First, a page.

This requires restructuring of departments and transforming the education of physicians who will need to learn from the other fields concerned. In a first phase of this transformation, bringing the various players together in tumour boards which should really start at the beginning of the diagnostic workflow will help, explained the expert. In future, integrated diagnostics will be carried out by staff with a qualification in multiple disciplines in new integrated diagnostic departments – and IT will lay the foundation, according to Prof. Dai. CSSI has started implementing this trend by adding physics and IT competence; and a new medical society is emerging in China which will support this major trend aimed at providing better care.

R & D collaboration with Taiwan

The Economic Cooperation Framework Agreement (ECFA) between China and Taiwan has been providing the platform for increased interaction in the medtech sector. At CMEF, a seminar brought together companies from mainland China and from Taiwan. “Taiwan has an enormous research and development potential to offer to China”, pointed out Hsu-Wei Fang, PhD, who heads the Healthcare Industry Development Association Across the Strait (HIDAS). “But our market is small. An additional benefit is that we speak the same language. Companies in Taiwan will certainly profit from the collaboration with manufacturers in the huge Chinese market.” Furthermore, the island serves as a bridgehead to China for SMEs from around the world, facilitating market entry. “China is in need of research and development expertise”, commented Feng Jiang M.D., CEO, China Association for the Medical Device Industry (CAMDI); “the cooperation in R&D and sharing of patents with Taiwanese companies can very much foster the further development of our medical devices market here.”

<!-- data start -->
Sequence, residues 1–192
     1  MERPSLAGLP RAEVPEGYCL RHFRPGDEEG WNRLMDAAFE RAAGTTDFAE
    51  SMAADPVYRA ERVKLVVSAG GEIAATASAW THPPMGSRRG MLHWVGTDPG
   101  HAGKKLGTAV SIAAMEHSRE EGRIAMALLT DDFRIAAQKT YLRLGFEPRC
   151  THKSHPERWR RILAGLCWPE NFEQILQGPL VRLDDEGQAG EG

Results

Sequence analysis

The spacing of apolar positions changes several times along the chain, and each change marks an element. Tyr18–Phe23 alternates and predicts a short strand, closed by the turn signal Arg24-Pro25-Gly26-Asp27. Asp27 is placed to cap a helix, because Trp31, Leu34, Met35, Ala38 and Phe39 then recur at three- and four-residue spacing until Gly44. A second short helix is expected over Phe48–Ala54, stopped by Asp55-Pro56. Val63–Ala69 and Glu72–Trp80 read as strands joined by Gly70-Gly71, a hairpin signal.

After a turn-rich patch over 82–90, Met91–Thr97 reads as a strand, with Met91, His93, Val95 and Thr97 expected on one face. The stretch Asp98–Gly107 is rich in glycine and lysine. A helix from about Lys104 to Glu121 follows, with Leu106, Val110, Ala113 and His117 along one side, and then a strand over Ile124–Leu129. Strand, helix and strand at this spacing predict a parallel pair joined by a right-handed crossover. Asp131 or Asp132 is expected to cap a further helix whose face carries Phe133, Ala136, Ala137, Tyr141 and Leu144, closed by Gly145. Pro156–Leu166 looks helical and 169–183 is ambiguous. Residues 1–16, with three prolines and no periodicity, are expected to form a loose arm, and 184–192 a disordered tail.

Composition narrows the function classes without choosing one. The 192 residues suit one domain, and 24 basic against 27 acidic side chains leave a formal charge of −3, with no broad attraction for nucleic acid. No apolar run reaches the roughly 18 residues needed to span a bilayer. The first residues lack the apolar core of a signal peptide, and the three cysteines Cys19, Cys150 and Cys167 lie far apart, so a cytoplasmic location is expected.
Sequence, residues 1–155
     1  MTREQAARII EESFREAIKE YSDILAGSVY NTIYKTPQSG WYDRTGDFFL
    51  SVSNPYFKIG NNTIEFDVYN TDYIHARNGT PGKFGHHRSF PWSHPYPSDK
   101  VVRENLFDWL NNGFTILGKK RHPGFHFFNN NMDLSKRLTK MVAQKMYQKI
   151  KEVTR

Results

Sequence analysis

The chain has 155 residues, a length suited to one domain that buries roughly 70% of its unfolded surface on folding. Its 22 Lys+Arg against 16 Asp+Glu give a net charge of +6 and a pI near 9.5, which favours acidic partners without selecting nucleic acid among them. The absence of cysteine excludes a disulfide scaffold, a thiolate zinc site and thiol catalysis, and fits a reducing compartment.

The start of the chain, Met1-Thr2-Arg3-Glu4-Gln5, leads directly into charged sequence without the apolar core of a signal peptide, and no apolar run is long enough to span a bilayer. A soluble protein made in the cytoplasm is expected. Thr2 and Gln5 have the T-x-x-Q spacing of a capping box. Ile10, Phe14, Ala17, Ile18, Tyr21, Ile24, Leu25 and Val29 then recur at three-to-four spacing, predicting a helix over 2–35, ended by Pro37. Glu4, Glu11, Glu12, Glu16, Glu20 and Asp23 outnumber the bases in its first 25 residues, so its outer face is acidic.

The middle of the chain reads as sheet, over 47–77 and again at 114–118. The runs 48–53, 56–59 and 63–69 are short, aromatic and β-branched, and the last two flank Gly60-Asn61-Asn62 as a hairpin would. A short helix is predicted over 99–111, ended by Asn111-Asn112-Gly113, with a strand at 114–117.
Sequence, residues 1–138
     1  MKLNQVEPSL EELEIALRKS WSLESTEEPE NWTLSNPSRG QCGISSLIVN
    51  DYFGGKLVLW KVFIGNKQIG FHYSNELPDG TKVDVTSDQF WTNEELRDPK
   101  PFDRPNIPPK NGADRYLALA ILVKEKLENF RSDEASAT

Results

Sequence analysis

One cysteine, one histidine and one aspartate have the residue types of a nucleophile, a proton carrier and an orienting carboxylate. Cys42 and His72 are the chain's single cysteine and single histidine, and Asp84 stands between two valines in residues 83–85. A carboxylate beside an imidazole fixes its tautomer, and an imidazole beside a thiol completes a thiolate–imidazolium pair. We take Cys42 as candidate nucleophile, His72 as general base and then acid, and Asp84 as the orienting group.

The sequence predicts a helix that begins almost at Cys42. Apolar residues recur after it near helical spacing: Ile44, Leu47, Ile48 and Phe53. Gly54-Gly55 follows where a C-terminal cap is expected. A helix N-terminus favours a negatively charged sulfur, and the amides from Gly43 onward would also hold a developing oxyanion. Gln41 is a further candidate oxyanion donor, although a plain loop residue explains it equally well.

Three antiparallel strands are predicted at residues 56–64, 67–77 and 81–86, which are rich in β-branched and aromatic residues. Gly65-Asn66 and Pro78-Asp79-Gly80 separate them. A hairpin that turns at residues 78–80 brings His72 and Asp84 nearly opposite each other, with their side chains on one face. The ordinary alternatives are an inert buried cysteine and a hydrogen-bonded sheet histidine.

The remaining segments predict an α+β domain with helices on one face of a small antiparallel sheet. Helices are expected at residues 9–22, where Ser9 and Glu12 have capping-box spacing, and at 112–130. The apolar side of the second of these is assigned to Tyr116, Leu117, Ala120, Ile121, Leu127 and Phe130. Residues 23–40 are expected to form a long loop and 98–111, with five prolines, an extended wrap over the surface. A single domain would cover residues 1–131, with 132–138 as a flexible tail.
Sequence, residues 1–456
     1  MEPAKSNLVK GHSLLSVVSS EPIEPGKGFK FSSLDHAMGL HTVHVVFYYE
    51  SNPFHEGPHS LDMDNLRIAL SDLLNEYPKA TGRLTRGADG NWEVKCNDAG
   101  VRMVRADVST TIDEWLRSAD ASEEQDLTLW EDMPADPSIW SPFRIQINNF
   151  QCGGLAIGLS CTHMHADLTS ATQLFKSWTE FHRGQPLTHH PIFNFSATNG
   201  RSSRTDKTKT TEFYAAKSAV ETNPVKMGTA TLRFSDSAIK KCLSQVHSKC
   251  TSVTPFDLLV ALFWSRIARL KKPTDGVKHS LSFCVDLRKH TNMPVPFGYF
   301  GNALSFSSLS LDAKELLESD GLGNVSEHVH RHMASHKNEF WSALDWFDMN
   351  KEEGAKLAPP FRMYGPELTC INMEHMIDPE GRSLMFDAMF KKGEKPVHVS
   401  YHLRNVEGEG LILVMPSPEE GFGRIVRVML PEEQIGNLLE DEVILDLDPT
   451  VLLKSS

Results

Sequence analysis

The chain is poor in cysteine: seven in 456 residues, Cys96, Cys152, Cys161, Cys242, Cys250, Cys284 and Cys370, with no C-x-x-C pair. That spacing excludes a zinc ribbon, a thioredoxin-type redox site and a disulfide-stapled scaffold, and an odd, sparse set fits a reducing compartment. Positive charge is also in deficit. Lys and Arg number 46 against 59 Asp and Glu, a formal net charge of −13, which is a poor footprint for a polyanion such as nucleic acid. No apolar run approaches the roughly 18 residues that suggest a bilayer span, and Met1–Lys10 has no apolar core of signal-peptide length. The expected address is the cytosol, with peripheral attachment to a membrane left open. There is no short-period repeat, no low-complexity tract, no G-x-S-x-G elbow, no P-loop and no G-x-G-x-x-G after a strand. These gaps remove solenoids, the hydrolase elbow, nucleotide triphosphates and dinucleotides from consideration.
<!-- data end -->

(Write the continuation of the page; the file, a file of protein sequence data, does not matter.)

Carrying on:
European Hospital’s upcoming third report from the CMEF autumn show in Xiamen will present highlights from the exhibition floor.

by Michael Reiter